reverse proxy does not load webpage data

Francis Daly francis at
Wed Feb 3 18:10:52 UTC 2021

On Tue, Feb 02, 2021 at 03:43:32AM -0500, petrg wrote:

Hi there,

> > There is no magic; it does what you configure it to do. The browser makes
> > a request to nginx; nginx handles that according to its config. Every
> > request is independent.

> My hope was that the proxy-pass directive creates not magic but some
> “context”, wraps the whole handling of the webpage into some linked
> “context”, so a bit more than just a straight location directive does. And

HTTP is stateless. Every HTTP request is independent of every other one.

As far as nginx is concerned the "context" that you want does not
exist. The "webpage" that you want does not exist. The browser makes
one request for index.html. The browser then might, or might not,
make requests for images. Those requests might, or might not, get to
this nginx.

Only the browser knows that those following requests are related to
the first one.

There have been many attempts to try to tie multiple HTTP requests
together; probably none are both reliable and appropriate for a
reverse-proxy to use.

> If every request is independent, you must know the internal structure of a
> webpage when you like to reverse-proxy it. Is that true ?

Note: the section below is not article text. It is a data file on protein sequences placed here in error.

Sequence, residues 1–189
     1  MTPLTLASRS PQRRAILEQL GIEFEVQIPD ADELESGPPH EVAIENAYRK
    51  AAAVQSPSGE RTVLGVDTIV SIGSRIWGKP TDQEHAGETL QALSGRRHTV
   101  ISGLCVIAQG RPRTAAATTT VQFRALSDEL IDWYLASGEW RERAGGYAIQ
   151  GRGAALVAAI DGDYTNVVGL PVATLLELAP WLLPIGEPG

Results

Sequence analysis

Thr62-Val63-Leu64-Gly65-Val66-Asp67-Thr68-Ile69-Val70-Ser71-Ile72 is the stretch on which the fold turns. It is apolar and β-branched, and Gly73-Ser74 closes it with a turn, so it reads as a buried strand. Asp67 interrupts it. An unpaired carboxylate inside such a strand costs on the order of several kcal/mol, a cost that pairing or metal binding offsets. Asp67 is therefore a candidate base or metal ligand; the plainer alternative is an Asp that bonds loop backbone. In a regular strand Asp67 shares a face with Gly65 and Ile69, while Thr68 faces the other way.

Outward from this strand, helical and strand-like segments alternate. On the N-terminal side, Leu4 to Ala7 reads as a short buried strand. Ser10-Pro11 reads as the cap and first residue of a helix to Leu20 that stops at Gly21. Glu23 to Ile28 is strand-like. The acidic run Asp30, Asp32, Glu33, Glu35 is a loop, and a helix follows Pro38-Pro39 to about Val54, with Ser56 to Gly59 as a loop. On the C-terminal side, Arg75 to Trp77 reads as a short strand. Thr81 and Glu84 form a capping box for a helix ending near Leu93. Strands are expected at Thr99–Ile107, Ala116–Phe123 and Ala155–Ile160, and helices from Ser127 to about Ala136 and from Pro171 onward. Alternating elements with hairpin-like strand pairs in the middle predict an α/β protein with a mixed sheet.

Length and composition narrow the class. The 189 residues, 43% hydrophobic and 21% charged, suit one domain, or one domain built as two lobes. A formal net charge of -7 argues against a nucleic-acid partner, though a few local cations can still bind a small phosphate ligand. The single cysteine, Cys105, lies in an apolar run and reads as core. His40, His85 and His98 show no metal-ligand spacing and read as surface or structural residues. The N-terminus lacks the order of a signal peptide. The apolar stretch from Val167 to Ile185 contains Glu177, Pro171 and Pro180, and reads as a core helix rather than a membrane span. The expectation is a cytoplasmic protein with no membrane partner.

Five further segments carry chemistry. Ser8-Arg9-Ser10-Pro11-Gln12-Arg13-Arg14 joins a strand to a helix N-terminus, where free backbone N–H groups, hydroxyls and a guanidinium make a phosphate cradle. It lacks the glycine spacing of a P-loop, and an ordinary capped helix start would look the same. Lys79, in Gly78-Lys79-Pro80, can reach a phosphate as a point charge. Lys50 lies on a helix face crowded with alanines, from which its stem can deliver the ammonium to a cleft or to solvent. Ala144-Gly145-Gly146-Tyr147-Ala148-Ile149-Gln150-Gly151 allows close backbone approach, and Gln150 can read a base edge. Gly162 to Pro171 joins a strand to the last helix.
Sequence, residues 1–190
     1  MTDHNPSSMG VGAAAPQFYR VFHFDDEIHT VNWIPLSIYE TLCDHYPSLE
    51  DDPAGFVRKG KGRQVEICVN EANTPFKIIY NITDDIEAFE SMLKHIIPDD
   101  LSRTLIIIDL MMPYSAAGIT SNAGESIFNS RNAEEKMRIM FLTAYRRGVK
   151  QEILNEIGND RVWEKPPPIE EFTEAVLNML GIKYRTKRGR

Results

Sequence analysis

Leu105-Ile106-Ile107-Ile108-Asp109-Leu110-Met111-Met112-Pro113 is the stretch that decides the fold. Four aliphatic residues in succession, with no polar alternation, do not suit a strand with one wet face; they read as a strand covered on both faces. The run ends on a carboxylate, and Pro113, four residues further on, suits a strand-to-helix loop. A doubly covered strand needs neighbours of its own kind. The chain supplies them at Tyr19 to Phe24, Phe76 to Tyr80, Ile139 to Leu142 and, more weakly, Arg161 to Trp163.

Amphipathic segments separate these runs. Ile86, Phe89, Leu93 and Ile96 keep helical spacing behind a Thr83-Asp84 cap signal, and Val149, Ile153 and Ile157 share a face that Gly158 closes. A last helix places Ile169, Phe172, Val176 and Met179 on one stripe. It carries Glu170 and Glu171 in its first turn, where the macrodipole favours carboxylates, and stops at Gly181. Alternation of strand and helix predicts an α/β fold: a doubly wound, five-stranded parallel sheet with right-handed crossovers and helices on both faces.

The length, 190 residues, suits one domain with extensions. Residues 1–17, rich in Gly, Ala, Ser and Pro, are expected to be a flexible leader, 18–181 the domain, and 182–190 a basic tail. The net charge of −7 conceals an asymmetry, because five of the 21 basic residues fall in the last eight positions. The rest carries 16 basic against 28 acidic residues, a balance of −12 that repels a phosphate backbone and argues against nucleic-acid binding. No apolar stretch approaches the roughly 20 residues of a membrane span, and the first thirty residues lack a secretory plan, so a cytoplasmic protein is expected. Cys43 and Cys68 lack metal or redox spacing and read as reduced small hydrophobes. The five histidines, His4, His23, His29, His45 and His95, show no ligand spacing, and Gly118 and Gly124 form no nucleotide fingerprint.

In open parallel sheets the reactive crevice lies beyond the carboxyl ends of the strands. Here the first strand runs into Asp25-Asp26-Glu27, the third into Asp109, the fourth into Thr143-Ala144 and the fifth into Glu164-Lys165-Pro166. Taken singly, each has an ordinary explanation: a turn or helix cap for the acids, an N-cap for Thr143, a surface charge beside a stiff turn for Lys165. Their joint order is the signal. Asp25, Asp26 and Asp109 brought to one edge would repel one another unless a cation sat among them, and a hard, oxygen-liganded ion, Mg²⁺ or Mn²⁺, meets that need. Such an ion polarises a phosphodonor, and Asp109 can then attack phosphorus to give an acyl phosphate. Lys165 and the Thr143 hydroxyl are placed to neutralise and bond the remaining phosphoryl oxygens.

Every request is independent.

You must configure your nginx to do what you want it to do, or it probably
won't do what you want it to do.

> My feeling is that you should be able to reverse-proxy a webpage without
> knowing anything of the internal details, how data are loaded interenally.

You're welcome to try to design a thing that does what you want.

I suspect you will not succeed, in the general case.

> When I call I hoped that the following not
> absolute requests would be proxied to 
>,> as the proxy knows that one.jpg belongs to

No, the proxy does not know that.

The proxy knows that a request came in for /device/index.html, and that
a request came in for /device/one.jpg, and that a request came in for

You must tell your nginx how you want those requests to be handled.

> And so it can direct the internal request for one.jpg to

  location ^~ /device/ { proxy_pass; }

should do that, for every request to nginx that starts "/device/".

If you want nginx to know how to handle requests that start "/path/",
you have to tell it what to do.

> Is that a "slightly" wrong understanding of the proxy functionality ? and
> too much of magic ?

I think it's a wrong understanding of HTTP.

Once HTTP is clear, then you can see what a reverse-proxy can do.

Good luck with it!

Francis Daly        francis at

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